Gokinjo Boukentai (ごきんじょ冒険隊), released 5/24/1996, developed by ITL, released by Pioneer
The title of this game might be translated as “Neighborhood Adventure Group” — I think the title is supposed to evoke the idea of a bunch of children pretending to be adventurers. So it’s perhaps not surprising that the main character Mana is a preschooler and the various party members you get throughout the game are other people in her preschool class.
The game occurs over 6 months. In each period, you first do the preschool section during the week, and then have the exploration/event on Sunday.
You choose two subjects that Mana will work on during the week — speaking, playing, napping, building, or exercise. You can also pick a friend to work with, and sometimes a third friend will join as well (I’m not completely sure what determines this). Each activity will be done 3 times and has three different results — failure, OK, or success. The better you do the more your stats increase. When one of those dark green bars fills up completely, you get a blue gem that indicates that stat has increased.
There are no experience levels in the game so this is the only way (other than equipment) to change your stats.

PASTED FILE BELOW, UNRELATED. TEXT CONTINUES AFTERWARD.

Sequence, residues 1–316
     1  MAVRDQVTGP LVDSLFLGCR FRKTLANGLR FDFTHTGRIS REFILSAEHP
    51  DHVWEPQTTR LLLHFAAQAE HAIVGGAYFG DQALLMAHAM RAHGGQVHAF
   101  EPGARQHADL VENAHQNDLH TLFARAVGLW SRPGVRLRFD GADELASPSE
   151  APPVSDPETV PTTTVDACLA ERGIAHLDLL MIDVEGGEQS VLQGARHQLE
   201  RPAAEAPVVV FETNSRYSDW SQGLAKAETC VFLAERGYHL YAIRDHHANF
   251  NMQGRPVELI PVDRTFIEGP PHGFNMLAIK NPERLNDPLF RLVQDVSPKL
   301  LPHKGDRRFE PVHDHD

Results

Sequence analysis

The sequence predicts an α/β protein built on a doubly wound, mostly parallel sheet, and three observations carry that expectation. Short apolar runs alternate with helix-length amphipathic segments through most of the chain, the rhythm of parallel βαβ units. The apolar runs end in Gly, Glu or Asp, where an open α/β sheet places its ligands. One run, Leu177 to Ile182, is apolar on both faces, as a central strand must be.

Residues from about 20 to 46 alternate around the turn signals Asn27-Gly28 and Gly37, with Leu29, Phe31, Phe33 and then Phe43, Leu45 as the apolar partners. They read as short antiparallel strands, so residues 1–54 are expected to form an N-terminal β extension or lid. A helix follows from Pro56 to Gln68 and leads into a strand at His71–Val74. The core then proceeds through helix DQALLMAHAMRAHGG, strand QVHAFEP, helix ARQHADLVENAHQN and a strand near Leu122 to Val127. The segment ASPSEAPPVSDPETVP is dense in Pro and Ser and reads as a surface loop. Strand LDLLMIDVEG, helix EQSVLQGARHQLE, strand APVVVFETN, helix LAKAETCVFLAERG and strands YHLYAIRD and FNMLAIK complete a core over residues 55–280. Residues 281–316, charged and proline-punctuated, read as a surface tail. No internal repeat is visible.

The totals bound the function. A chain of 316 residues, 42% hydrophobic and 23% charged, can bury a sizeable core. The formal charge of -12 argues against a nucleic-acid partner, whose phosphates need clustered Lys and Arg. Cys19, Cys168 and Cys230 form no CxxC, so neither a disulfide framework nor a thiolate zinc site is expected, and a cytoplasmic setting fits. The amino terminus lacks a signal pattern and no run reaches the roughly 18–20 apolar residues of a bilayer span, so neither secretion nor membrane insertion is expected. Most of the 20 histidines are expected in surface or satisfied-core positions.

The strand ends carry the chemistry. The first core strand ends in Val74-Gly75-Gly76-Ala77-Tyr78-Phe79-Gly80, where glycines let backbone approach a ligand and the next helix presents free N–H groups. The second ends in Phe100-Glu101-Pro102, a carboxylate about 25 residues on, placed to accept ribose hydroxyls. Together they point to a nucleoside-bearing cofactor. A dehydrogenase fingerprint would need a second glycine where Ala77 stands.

Mana’s mom then wakes her up on Sunday and the adventure part of the game starts. Each Sunday has an event, although some of the events require Mana to have certain stats for them to activate. Sometimes there are alternate events provided — for instance, on 4/28 there is one even if Mana’s strength is above 16, and an alternate event if it is below 16. Other times if you don’t fulfill the requirements there simply will not be an event that day. You can tell this is what happened if there is no cutscene between the training and mom waking you up, and if mom doesn’t say anything beyond her usual wakeup speech. In that case you can just do whatever shopping or talking you want to in the town and then tell mom you’re ready to go to bed. You can also sometimes skip events entirely by going to bed, or later in the game by visiting the “clear man”. You can only skip through some of the days like this, though.
On the first day Mana meets God(!) who then sets up shop in the pipe in that picture; this is where you can save your game and add companions to your party for the day. There are a total of 5 party members aside from Mana, although I believe that 2 of them are optional. Mana’s cat also hangs around randomly and can sometimes do helpful things in battle.
Mana can then wander the town. Apparently 1/3 of the size of the cart is text, and there are a lot of people in the town who frequently change what they say. This is mostly window dressing, though. The town is pretty complicated to navigate, and I would recommend using a map or making your own, noting what the various stores sell and where key people are. The shops that sell the weapons and armor for characters aren’t always immediately evident. They change inventory each month.